Bob Dylan Term Paper

Pages: 4 (1267 words)  ·  Bibliography Sources: ≈ 3  ·  File: .docx  ·  Level: College Senior  ·  Topic: Music

Bob Dylan: The Poet and Man

His poetry and song writing define Bob Dylan. He writes songs about protesting and religious themes. It is necessary to consider how the events in his life affected his music. Also Bob Dylan had other musicians that influenced him in his early years. The paragraphs below will explore his background, the times he wrote in and analyze six of his greatest works: "Mr. Tambourine Man," "Blowin in the Wind," "Highway 61 Revisited," "Oxford Town," "The Times They Are a-Changin" and "With God on Our Side."

Biography and Influence

Bob Dylan was born in Duluth, Minnesota on May 24, 1941. By the time he was ten years old he was writing poems and had taught himself to play guitar. He later changed his name from Robert Allen Zimmerman to the famous name Bob Dylan. In 1962 Bob visited his big early influence Woodie Guthrie in the hospital. His lost idol was slowly dying of Huntington's disease and Dylan had written him a song called "Song to Woody."

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After high school Dylan found himself playing folk music. This is also the time he began to write his legendary folk songs. In his songs he writes about the "luckless, the abandoned and forsaken," as he put it in "chimes of Freedom." In "Blowing' in the Wind," he created probably his most famous song, though Dylan once stated that he wrote that song just for his friends. In fact, this antiracist, antiwar anthem is in its deepest sense, a subtitle plea for awareness. The lyrics read: "How many times must a man look up / Before he can see the sky? / Yes 'n' how many ears must one man have / before he can hear people cry?" (Bobdylan.com). Dylan had the characteristics of a biblical prophet, but also he had a sense of humor and irony. One soon started to notice that he was a beginning to write songs that saw the world as consisting not just of heroes and villains but mostly cowardly people caught up in all-to-human situations. With these songs he set out to create personal sound and to join the ranks of the likes of Elvis and Little Richard but even more the music:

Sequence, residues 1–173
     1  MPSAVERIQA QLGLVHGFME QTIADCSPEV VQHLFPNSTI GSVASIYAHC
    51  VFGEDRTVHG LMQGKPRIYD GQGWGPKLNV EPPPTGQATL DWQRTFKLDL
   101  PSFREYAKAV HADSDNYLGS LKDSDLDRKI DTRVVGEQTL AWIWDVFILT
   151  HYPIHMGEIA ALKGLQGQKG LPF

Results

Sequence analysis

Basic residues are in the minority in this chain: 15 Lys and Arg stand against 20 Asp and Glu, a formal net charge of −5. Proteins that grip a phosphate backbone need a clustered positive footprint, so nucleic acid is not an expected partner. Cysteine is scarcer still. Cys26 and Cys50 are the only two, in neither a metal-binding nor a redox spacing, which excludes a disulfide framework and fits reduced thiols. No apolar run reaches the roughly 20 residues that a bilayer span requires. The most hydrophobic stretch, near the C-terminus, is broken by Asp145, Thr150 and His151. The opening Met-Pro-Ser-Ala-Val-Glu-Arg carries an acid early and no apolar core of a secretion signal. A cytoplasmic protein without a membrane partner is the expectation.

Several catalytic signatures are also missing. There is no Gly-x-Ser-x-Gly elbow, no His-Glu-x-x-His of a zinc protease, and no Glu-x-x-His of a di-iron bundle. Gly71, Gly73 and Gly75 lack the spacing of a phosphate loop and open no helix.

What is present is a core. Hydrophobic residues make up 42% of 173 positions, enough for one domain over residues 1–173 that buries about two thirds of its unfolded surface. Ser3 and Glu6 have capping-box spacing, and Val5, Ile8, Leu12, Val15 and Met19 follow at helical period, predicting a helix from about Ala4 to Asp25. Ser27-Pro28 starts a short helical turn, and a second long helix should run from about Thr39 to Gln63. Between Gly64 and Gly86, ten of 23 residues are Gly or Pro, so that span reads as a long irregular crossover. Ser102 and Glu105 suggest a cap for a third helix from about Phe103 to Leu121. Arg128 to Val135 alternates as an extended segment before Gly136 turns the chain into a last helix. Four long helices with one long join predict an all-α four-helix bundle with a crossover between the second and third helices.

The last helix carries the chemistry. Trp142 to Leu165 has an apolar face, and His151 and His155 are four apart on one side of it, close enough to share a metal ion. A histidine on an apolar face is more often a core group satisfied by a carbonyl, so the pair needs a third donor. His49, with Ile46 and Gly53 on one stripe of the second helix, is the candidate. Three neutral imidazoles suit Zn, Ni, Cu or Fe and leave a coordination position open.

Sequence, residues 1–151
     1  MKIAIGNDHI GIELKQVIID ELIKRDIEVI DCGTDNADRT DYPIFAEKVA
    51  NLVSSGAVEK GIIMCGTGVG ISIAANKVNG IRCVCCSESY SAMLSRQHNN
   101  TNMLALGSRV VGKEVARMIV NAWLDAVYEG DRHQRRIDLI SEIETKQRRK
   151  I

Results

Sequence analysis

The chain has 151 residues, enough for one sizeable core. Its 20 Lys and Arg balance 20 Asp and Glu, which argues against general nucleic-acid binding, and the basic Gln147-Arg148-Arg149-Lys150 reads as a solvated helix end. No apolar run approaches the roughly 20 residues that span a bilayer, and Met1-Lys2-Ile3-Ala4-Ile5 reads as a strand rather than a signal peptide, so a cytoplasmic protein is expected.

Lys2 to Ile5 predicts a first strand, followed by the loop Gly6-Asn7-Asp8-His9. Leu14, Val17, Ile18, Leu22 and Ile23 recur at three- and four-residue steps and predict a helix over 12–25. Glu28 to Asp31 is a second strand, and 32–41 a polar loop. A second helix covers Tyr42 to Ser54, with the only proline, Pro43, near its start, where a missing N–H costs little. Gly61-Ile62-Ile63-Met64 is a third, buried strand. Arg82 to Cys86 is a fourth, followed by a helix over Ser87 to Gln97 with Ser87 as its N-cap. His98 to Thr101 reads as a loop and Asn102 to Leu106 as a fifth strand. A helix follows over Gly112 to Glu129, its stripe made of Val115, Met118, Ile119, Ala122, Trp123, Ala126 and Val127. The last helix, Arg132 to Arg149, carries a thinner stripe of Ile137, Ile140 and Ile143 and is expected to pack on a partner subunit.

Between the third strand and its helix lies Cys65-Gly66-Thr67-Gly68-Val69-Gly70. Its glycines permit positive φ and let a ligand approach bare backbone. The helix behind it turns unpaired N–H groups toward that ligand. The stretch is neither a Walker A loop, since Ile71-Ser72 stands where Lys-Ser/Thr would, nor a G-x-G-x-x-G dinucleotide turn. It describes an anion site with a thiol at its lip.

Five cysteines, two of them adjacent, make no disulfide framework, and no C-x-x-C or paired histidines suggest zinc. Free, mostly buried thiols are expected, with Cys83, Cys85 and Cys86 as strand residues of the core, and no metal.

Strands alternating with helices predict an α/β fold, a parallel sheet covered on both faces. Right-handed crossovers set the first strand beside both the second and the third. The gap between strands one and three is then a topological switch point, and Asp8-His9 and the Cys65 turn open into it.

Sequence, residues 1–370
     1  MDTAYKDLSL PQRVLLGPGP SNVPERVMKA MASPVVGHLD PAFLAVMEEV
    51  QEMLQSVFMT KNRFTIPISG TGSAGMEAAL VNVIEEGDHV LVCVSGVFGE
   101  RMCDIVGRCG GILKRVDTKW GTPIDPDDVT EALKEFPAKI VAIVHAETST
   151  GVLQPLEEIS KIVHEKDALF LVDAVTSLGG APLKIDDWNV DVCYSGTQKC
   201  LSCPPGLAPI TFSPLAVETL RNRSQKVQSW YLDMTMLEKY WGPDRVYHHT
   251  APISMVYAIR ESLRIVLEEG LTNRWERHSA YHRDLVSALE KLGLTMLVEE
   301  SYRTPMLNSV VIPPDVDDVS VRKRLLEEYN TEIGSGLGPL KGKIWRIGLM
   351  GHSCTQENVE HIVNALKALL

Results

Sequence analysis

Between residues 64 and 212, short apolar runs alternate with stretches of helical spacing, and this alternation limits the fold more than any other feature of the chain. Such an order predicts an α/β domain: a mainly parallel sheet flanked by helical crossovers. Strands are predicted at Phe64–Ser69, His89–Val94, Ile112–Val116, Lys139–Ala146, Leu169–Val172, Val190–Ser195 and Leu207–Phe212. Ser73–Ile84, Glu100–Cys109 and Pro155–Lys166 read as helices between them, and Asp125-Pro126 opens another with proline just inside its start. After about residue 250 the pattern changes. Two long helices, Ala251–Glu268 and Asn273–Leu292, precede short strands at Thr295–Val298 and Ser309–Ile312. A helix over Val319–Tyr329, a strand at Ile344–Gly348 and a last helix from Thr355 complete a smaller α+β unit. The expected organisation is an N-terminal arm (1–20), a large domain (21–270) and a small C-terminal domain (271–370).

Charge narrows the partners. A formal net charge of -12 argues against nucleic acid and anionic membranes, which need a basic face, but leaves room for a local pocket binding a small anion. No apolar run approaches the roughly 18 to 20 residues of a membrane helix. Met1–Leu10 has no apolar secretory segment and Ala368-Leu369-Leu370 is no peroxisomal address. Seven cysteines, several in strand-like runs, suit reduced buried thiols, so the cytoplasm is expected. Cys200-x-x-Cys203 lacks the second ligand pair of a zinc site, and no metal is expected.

Term Paper on Bob Dylan Assignment

had an spiritual side and artistic side "as did the earlier form of Dylan's ambition, the one that resulted in songs and performances like "Blowin' in the Wind" and "A Hard Rain's a-Gonna Fall" and "Mr. Tambourine Man," and in his becoming a bigger star as folksinger and songwriter than anyone else would have imagined possible). (Williams, 223-224).

Dylan's Lyrics and Analysis

Mr. Tambourine Man"

This song is about how the world has failed the everyman. The voice of the everyman asks for Mr. Tambourine Man's help in finding peace by singing a song to help him sleep. Dylan using rhyme throughout the work but it is the free verse of his pen that makes this song work on many levels. He paints a grim picture of world's status by describing the everyman's plight in life. He writes, "My weariness amazes me, I'm branded on my feet, I have no one to meet

And the ancient empty street's too dead for dreaming" (Bobdylan.com). Using the words ancient and dead creates an image of a desolate, broken place for, which the everyman to pick his pieces. The voice wants Mr. Tambourine Man to take him away from this world. He wants to go beyond the fog and behind the smoke screen to escape his depressing surroundings. Use of such vivid words paints a magical realism and depth to the story. The following is a concrete example of this usage: "Down the foggy ruins of time, far past the frozen leaves, the haunted, frightened trees, out to the windy beach, Far from the twisted… [END OF PREVIEW] . . . READ MORE

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https://www.essaytown.com/subjects/paper/bob-dylan/624468.